- Unfair and deceptive practices: The Act would eliminate the CFPB’s authority to prohibit unfair, deceptive, and abusive acts and practices (UDAAP), which gives the CFPB the flexibility to respond swiftly to new technologies and practices that harm consumers without the need to wait for legislation.
- Supervision of large banks: The Act would eliminate the CFPB’s supervision and enforcement authority over large banks and permit financial institutions that meet certain criteria to elect to be exempted from the CFPB’s supervisory authority.
- Payday loans: The Act prohibits the CFPB from engaging in any rulemaking or enforcement with respect to payday and vehicle title loans. Payday lending has adversely affected the lives of financially vulnerable consumers across the country.
- Usurious interest rates: The Act would restrict states’ abilities to enforce interest rate caps. Currently, there are no federal interest rate caps that cover financial products and services offered by national banks. Rather, national banks are permitted to export the interest rate of their home state and disregard the more stringent interest rates.
- Mandatory arbitration: The Act would repeal the provision of Dodd-Frank that granted the CFPB authority to study and issue rules regarding arbitration in financial services contracts that prohibit proceeding on a class basis and prevent consumers from seeking redress, particularly for small dollar claims.
- Transparency: The Act would end the CFPB’s current practice of publicly posting information concerning individual consumer complaints in a searchable database, helping them make informed decisions about the companies with which they choose to do business, and increases transparency in the marketplace.
- 田文浩裝置藝術展9/22 敦煌藝術展 9/27
- 全美總會線上講座 - 如何申請進入理想的大學 10/8
- Boston Asian American Film Festival preview party 10/5, festival 10/19-22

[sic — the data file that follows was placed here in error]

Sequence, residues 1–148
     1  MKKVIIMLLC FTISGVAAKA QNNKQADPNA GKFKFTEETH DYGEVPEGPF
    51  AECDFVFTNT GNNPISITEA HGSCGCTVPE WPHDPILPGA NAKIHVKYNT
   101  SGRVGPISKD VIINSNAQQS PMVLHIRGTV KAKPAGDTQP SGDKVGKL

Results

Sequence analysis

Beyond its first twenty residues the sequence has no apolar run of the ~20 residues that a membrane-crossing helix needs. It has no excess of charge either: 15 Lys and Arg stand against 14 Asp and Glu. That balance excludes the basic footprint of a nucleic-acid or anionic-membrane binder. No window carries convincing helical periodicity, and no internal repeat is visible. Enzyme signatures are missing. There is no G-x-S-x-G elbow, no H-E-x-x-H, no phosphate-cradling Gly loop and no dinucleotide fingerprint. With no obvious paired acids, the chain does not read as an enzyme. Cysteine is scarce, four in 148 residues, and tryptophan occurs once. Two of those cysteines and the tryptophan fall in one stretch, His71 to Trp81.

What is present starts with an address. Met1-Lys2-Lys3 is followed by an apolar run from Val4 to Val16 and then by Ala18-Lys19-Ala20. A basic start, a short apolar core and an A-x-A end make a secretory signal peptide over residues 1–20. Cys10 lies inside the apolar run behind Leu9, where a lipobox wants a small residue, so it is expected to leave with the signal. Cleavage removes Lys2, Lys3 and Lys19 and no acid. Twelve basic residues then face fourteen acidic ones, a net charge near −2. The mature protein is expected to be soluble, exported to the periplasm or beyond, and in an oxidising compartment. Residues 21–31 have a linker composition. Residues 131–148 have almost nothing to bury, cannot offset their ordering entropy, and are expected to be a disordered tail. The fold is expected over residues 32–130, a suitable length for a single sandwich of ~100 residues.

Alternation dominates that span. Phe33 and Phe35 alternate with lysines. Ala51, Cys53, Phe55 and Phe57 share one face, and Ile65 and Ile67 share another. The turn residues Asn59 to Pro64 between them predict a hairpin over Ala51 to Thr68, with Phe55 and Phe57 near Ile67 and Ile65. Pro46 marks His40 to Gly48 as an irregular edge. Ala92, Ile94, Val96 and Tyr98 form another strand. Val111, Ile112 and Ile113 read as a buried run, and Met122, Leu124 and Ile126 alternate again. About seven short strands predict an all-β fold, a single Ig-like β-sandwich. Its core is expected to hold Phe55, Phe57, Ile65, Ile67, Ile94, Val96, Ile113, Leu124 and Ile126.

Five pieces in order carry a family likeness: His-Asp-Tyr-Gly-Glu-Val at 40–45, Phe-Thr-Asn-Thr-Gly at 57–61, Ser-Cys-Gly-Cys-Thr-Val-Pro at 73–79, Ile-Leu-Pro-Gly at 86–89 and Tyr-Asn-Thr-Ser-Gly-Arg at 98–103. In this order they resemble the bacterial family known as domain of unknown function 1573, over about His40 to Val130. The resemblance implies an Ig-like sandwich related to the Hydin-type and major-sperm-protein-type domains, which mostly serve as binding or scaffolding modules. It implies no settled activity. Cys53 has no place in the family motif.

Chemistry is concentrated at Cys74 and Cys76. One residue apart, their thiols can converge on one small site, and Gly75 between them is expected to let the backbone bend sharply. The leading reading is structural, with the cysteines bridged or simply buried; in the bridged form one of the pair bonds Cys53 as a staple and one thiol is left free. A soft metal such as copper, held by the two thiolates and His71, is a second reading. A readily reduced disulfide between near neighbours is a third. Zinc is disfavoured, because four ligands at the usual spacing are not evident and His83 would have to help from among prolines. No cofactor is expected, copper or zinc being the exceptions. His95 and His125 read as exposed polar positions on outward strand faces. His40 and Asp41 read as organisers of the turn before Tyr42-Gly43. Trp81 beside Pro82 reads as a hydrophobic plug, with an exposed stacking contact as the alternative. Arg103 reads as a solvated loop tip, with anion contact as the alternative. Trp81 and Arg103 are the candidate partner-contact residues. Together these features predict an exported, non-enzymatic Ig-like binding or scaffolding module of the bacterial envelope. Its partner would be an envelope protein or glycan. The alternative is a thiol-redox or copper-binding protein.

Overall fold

- 紐英倫作協講座 10/19
- 招聘 - BCNC, 武漢大學10/14, 波士頓市府10/19
- 崇德佛院 普賢講堂 慈濟
- 紐英崙中華專業人員協會40週年 10/28
- 醫藥 - HMS deciphering the genome 10/12 首屆世界針灸康養大會12/2-7
- 留美華人企業家聯合會年會10/7 Under 30 Summit 10/1-4
- BCIC - Fintech Roundtable Brainstorming Session 10/9 醫療科技路演 10/13
- ILF 國際領袖基金會
- ILF 國際領袖基金會 - ACE Next generation conference 8/18-20
- MIT ENERGY CLUB Mass Innovation Nights
- MIPIM 2017 - Real Estate Tech Trends from MIPIM
- 麻州州長動態 - Nominates Paul G. Pino of North Falmouth as Associate Justice of the District Court and Colette M. Santa of Milford as a Member of the Parole Board
- 羅德島州克蘭斯頓市長馮偉傑 Car Tax Bill
- City of Boston, Quincy, Malden, Greenway 昆市市長亞裔顧問委員會
- 牛頓市議員馬惠美- council meeting notes 10/1
- 波士頓市議會議長吳弭 (Michelle Wu ) - fundraiser for Puerto Rico 10/14
- Ben Chin (陳樂) for Mayor in Maine - Signs were stolen
- BIOVision/ Boston MedTech / Mass Life Sciences
- 華人參政 - 牛頓市候選人論壇10/15
- Plays - Lost Tempo 10/5 OLEANNA 10/14-11/5 Elemeno Pea 11/2-19 無名劇社 11/26
- 博物館 - Guggenheim, Harvard Art, Forbes House, China Institute
- 劍橋市素描餐廳 10/6 試新菜
- 李保華忠告年輕人 做個遠大的夢
- 【你的學歷，能幫助公司什麼…？】如果沒有這 7 個特質，你讀到台大也沒用！
- 朱学渊 - 陈建奇、郭晓敏：特朗普重塑全球的三大战略
- 作者專欄： 王世輝 - 看見台灣：向齊柏林致敬
- 台灣工程師的矽谷故事- 兩份文件，與嫁衣台灣
星期三, 6月 07, 2017
AG HEALEY, 19 ATTORNEYS GENERAL REJECT FINANCIAL CHOICE ACT’S DISMANTLING OF CRITICAL CONSUMER PROTECTIONS